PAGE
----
O’Sullivan’s awareness of literary theory and its role in the development of children’s fiction is underlined by such entries as ‘adaptation’, ‘ethnocriticism’, ‘gender’, or ‘translation’. The specification of subgenres includes next to ‘fantasy’, or ‘fairy tale’ among others also ‘animal fiction’, ‘school stories’, ‘robinsonades’, or ‘horse and pony stories’. She introduces various associations, councils, and boards that are concerned with the publication and reception of books for children, the awards that are annually granted to the best authors and publications for children, and she deals with characters such as ‘orphans’ or ‘wizards’ as well as individuals from ‘Aladdin’ to ‘Hello Kitty’.

As the title suggests, the focus is clearly on the history of children’s literature, although the contemporary market occupies its share of the volume. The introductory, very shrewd chronology reaches from the Middle Ages until today, from Aelfric to Neil Gaiman – though in the dictionary section even Aesop is recorded, as are the forthcoming Twilight films. It demonstrates the historical development of a recognised literature for children from previous text books for school, religious education, rhymes and fairy tales – there are entries in the main section on John Bunyan or the Grimm brothers – via adapted versions from adult literature like Swift’s Gulliver’s Travels or Defoe’s Robinson Crusoe. Some of the longest entries in the dictionary are those on ‘historical fiction’, the history of ‘illustrations’ and ‘picture books’, but also on the development of ‘science fiction’. At the same time, the volume shows awareness of the growth of the globalised market, the international exchange of children's books, and contemporary processes of the publication industry as the world market is dominated by the English-language children's book.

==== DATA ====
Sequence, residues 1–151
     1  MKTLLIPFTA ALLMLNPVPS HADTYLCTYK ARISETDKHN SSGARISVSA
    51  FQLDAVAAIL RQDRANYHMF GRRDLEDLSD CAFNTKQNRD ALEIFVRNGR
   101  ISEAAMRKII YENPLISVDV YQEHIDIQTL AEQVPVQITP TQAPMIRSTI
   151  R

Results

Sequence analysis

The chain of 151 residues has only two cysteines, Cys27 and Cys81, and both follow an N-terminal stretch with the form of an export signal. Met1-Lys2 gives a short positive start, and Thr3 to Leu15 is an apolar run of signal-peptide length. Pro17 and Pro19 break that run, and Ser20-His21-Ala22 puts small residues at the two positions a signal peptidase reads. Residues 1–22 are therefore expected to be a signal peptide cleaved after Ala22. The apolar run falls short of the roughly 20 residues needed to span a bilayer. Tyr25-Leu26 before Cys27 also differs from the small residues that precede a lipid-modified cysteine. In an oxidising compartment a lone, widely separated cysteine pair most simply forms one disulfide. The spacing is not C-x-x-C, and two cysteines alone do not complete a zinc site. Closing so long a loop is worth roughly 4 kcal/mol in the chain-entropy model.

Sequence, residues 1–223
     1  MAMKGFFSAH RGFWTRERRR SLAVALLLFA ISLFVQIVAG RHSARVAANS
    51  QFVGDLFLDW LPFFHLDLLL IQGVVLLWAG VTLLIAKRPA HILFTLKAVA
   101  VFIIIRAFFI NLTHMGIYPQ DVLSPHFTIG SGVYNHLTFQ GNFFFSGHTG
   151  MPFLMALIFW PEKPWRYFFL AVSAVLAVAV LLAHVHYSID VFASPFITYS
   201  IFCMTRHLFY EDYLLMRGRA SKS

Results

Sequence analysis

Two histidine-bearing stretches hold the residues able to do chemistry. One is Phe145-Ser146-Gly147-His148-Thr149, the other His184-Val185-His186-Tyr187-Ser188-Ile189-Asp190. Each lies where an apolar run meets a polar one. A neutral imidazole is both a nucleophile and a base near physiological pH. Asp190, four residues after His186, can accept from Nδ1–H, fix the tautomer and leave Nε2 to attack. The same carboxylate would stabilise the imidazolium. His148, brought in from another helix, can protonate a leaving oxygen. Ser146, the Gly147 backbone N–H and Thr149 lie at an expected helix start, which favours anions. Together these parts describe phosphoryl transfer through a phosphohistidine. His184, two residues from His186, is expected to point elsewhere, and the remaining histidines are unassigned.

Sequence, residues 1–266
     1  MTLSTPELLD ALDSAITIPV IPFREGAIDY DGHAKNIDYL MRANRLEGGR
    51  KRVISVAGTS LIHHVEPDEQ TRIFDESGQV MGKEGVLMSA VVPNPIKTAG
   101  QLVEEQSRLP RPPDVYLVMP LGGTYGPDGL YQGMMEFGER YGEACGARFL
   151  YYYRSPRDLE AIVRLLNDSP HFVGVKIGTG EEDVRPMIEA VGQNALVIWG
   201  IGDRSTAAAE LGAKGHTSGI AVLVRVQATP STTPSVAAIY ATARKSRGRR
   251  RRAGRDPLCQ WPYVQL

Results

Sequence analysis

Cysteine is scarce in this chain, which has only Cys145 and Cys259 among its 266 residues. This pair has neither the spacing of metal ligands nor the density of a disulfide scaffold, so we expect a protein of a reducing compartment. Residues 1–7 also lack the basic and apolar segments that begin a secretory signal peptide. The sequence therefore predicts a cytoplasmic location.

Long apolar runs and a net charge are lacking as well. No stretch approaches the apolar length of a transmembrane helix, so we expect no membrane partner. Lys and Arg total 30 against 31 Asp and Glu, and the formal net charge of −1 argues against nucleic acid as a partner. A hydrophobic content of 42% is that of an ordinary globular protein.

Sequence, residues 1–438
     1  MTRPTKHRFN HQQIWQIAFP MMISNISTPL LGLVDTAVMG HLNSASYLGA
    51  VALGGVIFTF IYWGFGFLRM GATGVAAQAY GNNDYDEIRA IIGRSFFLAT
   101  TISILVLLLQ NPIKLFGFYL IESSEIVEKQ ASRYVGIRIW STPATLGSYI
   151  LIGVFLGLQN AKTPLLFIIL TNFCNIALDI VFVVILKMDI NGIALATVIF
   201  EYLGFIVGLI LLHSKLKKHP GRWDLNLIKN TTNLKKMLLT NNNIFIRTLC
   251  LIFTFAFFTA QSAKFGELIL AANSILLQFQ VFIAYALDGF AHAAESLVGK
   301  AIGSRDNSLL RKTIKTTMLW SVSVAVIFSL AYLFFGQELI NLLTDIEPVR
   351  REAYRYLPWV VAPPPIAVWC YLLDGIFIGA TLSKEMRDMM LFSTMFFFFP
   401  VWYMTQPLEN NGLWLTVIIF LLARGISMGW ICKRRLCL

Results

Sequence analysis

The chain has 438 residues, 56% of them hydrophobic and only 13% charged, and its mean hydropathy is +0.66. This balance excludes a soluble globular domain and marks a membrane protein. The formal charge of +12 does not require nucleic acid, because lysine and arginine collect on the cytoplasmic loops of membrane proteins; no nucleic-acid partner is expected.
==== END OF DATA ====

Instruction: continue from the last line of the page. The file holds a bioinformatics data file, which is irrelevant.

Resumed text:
Though not of parental interest as a suggested reading advice for their children, O’Sullivan’s Historical Dictionary of Children’s Literature proves a well-researched encyclopaedia for academic and professional purposes. The relatively short entries have to be expected from such a concise volume, which can be considered as a perfect book to start research.

The lack of further and longer entries is almost compensated by the excellent bibliography on further reading, which not only includes reference books but also lists in-depth studies on historical, theoretical, and thematic aspects of children’s literature, as well as further literature on different subgenres. In addition, the author adds information on international children's literature’s research, which is not well represented in the volume, under the heading of ‘Continents and Regions’. There are bibliographical references on the problem and tasks of translations (an issue already discussed in her study on comparative children’s literature), lists of publications on the media, reading and literacy, as well as a catalogue of relevant journals and informative websites. These numerous additions almost compensate for the restrictions posed by a single volume encyclopaedia. The Historical Dictionary of Children’s Literature proves a well-written, insightful and pleasant read and a very useful, recommended source for professional and academic research.

Imke Lichterfeld
University of Bonn, Germany